At last there’s a new ‘bikini body’ ideal – and it’s one with stretch marks

Women are sharing images of their post-pregnancy physiques, scars and all

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The Independent Online

We’re experiencing something akin to a body revolution at the moment, a backlash against the unrealistic ideals of female beauty – and it comes from a somewhat surprising place: for sisters (thank you Eurythmics, Aretha Franklin) are doin’ it for themselves.

US photographer Jade Beall has made it her mission to celebrate the shapes of women after they have given birth in “a world that thrives off women feeling insecure” with her new book, The Bodies of Mothers. Rachel Hollis, a mother-of-three, recently posted a photograph of her post-pregnancy 'flabby' belly on the beach on her Facebook page, where it’s been seen more than 10 million times. Rachel captioned the shot with an inspirational message for all women: “They aren't scars ladies, they're stripes and you've earned them. Flaunt that body with pride!”

At last, we’re celebrating ‘real’ bodies, and in the process, we’re redefining what it means to be beautiful – and it couldn’t come soon enough. For we’re still living in a time where celebrity magazines delight in pointing out the – “shock! horror!” – cellulite of the rich and famous, each garish ‘bikini body’ or ‘baby bump’ spread designed to taunt and to tantalise. Some women are lauded for snapping back into shape in record time after giving birth, amid talk of delivery room lunges, diet tips and unrealistic, post-natal training sessions. Others are lambasted for not getting their 'pre-baby body' back fast enough.

Self-styled lifestyle guru Gwyneth Paltrow, she of the kale juice and quinoa detoxes believes there is “no excuse” for not losing your baby weight. "Every woman can make time – every woman," she said after giving birth to her second child in 2006.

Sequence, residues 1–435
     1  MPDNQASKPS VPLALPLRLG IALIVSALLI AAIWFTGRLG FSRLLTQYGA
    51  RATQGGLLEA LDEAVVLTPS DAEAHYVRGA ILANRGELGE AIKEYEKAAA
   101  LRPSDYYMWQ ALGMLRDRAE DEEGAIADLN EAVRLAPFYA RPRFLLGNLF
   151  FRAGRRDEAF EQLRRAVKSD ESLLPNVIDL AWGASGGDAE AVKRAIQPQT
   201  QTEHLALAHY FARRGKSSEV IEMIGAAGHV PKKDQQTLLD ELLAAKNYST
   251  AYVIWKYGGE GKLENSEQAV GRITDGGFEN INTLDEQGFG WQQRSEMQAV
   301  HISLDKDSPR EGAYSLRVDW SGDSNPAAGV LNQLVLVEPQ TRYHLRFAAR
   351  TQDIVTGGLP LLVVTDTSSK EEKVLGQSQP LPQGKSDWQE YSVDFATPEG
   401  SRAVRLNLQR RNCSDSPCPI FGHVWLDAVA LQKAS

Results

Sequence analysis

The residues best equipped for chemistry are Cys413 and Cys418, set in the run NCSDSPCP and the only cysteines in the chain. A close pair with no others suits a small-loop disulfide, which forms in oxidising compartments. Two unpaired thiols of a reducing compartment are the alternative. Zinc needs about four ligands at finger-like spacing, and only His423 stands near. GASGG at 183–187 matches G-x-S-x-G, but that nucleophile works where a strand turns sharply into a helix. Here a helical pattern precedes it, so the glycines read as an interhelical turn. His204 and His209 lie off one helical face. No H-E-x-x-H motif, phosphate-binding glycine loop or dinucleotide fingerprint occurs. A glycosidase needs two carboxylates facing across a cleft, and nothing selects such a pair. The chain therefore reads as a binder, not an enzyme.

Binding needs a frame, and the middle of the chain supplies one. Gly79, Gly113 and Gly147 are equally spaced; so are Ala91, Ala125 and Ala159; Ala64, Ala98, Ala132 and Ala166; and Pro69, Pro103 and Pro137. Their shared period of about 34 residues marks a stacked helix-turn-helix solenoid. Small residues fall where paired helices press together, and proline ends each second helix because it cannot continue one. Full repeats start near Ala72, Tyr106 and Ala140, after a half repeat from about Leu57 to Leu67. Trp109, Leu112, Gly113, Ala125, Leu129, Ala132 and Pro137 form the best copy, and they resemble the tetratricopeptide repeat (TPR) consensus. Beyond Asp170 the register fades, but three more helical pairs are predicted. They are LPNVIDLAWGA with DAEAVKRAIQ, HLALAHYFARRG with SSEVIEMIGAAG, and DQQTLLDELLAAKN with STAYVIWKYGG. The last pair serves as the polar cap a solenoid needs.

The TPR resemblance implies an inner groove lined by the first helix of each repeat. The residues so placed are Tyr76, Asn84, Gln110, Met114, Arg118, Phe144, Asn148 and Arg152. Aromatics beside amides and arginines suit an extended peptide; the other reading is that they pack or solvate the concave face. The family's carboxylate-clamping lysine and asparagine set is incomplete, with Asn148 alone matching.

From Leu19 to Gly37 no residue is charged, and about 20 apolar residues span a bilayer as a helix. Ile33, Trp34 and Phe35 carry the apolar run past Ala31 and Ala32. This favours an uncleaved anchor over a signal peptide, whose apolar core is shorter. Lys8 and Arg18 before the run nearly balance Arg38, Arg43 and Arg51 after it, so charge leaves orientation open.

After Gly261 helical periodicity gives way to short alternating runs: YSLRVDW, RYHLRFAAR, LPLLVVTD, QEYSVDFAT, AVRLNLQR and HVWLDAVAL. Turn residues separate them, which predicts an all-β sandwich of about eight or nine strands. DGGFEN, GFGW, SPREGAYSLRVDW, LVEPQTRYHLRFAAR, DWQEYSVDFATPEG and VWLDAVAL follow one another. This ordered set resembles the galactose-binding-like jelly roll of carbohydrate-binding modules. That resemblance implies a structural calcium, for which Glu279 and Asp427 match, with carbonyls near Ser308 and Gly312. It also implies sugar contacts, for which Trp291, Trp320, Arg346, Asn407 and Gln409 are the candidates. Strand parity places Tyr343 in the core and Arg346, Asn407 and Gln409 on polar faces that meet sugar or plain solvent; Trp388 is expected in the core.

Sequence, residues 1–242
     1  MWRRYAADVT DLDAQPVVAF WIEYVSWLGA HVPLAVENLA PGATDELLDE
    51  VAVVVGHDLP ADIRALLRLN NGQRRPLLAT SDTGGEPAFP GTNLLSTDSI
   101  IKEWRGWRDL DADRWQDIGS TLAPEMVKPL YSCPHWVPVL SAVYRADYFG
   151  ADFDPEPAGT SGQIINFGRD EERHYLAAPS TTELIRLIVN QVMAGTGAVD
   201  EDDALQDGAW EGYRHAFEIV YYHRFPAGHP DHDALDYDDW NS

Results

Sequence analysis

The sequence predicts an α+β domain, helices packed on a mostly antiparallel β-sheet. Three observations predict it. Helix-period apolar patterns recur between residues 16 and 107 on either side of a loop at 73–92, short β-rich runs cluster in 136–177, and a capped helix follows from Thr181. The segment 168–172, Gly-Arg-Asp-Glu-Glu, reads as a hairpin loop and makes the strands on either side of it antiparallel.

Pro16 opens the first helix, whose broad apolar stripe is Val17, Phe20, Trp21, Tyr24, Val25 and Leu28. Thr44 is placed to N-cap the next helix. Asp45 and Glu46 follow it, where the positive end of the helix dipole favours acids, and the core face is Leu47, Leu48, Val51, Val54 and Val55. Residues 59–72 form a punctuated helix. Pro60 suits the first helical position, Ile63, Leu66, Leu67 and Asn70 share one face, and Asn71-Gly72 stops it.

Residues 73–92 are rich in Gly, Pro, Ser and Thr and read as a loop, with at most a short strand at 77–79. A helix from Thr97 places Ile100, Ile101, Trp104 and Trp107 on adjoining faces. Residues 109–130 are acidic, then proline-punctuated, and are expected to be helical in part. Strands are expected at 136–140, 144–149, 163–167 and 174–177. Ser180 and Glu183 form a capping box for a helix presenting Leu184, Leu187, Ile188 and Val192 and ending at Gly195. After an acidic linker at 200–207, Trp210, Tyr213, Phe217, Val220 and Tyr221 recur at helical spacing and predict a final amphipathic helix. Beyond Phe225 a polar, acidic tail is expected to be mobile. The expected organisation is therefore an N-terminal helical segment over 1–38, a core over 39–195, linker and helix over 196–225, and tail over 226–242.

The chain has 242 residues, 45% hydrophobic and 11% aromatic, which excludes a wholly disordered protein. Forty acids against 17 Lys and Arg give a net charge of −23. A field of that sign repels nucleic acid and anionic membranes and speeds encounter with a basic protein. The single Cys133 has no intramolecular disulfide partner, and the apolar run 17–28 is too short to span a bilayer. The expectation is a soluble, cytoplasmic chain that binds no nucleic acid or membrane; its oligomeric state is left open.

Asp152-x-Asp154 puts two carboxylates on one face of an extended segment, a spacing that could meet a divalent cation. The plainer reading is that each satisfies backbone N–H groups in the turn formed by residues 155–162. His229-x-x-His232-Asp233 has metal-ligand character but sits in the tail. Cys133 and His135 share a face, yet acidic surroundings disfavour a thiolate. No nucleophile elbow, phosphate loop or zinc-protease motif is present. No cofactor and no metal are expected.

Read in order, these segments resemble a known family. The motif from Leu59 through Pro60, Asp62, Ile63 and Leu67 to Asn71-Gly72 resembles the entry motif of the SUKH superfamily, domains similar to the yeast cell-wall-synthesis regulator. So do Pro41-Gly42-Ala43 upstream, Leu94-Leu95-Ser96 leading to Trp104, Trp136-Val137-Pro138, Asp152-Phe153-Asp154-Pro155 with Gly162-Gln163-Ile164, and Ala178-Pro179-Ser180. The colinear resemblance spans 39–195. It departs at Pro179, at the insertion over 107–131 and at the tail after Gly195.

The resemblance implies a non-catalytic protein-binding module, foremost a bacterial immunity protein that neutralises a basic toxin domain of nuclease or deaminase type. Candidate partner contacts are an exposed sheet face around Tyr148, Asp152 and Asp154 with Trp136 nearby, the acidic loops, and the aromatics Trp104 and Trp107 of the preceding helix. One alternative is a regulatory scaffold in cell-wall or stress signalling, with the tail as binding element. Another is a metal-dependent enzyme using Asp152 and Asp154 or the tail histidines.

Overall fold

But while Gwyneth may claim to be ‘incredibly close to the common woman’, she also has the resources – and childcare – to work out for two hours a day with a celebrity trainer, whereas the vast majority of ‘normal’ mums can barely move at all after giving birth (other than from the bedroom to the sofa, and then to the remote control to weep hormonally through back-to-back episodes of Girls or Orange Is The New Black).

The Bodies of Mothers: Project shows the real beauty of motherhood
Lara Stone bares her post-baby body in Photoshop-free photoshoot

Given time, once you’ve kicked (or just got used to) the pain, shock and sleep deprivation, there’s a plethora of options, from ‘buggy fitness’ in the local park to post-pregnancy yoga – and lugging a 10lbs infant around certainly helps tone your biceps. But here’s a novel idea: why don’t we take the competition and pressure off being ‘perfect’, and pile on the support and acceptance? Praise those that have been through the exquisite trauma of childbirth, and have come out on the other side, forever altered; teach new mothers to be proud of their C-section scars, rather than hiding them away; and stop listening to those who tell us to be ashamed of our flabby stomachs and oddly-sunken belly buttons.

Of course, just as there is no ‘perfect’ size 10, we can’t expect a ‘one size fits all’ approach to the way people feel about their bodies, either. At six months pregnant, I agreed/was gently coerced to ‘do a Demi Moore’ (the actress shocked the world in 1991 when she posed nude for the cover of Vanity Fair, while seven months pregnant) and took part in a naked photoshoot for a magazine. I too had stretch marks to worry about, and was concerned about what friends and family generously called the ‘softening’ of my body – but did it nonetheless, curious to document how it would make me feel, and determined not to shy away from the truth about what I looked like with a new life inside me. And while it’s not something I display on the living room wall – and I certainly wouldn’t post it to Facebook – I still keep a copy of that centrefold tucked away inside my wardrobe door, next to the mirror, to remind myself of that amazing journey.

For me, a daily reminder of my once-swollen belly – now a vibrant three-year-old – is proof enough that all bodies are beautiful: lumps, bumps, cellulite, scars... and even ‘softening’.

So celebrate your stretch marks, have a party for them if you like – for as Rachel Hollis would say (and, no doubt, Aretha), you’ve earned them.

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